When Jose Mourinho rocked up to Stamford Bridge for his second spell in charge of the club, supporters and pundits were bandying about terms like “dynasty” and “longevity.” Now, with Chelsea having recently sanctioned deals for Juan Mata and Michael Essien to leave the club, a new era truly beckons.
The fact that Mourinho is willing to let two players of this calibre depart says a lot about the style of football he is looking to implement at Stamford Bridge and the stylistic criteria he will be putting players up against when courting future targets.
In his first spell, when the Portuguese boss signed Essien for £24.4 million back in 2005 from Lyon, per BBC Sport, Chelsea had a squad packed full of powerful, physical players who had plenty of quality on the ball too. Essien fitted the bill perfectly, and he fast became one of the outstanding midfielders in the Premier League within Mourinho’s blueprint for dynamic, effective football.
Just short of nine years on, Essien doesn’t fit that criteria anymore, and he’s been moved on. The same, of course, could be said for Juan Mata.
Initially, there was outcry when Mourinho decided not to play the Spaniard. After two remarkable seasons at the club, Mata had been absolutely critical to Chelsea winning two European trophies and the FA Cup. Even some of the Chelsea supporters made their feelings known about what they thought of their boss leaving the club’s two-time player of the year on the bench.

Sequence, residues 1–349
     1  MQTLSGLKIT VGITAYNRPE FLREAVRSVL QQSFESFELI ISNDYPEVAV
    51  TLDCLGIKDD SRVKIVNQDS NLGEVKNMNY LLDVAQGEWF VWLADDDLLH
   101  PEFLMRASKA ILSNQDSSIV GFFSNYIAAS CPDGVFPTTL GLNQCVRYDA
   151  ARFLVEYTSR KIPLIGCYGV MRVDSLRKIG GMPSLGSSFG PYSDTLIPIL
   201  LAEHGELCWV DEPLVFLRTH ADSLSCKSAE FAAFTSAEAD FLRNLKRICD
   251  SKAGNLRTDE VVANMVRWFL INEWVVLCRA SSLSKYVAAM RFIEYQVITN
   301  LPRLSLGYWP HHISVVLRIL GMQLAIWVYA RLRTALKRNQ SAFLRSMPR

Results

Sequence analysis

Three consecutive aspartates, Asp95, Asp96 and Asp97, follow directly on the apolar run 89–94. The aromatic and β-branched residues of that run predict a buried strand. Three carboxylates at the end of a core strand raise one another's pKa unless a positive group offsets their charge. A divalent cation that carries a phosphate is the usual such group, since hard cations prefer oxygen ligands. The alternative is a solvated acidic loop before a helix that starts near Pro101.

But as Mata has been kept out of the side and Chelsea have started to blossom under Mourinho, you’d have to say the Portuguese boss has been vindicated. The team are really starting to click into gear and are playing a brand of football that is vibrant and eye-catching. They play at a high tempo and with a dynamism that Mata just doesn’t have in abundance.
That is no slant on the former Valencia man, by any means. He is an exceptional player who will be a major success at Manchester United. The Spaniard, like Essien, just isn’t a stylistic fit for Mourinho’s “new” Chelsea.
Mata has been one of Chelsea’s most creative talents in his two-and-a-half years at the club, but playing in that No. 10 position, he just doesn’t have the same industry or defensive awareness as Oscar, a player whom Mourinho has built his team around this campaign. The Brazilian is capable of not only driving forward with the ball, but also dropping deeper into midfield and attaching himself to opposition playmakers.
Even in the wide areas, where Mata has often played for Chelsea in his time at the club, the industry and dynamism of Willian and Andre Schurrle far outstrips that of Mata, whilst Eden Hazard has added a work rate to his game to complement his phenomenal attacking ability.
Mata will score goals for United. He’ll create goals aplenty too. But as silly as it may sound, that is not enough to make an impression on a manager like Mourinho.
Looking forward, expect Chelsea to target players who, like Essien back in 2005, are young, powerful, athletic and intelligent. Those are the sorts of characters Mourinho will want at the bedrock of his Chelsea side in the infancy of what promises to be a hugely prosperous second spell in charge of the club.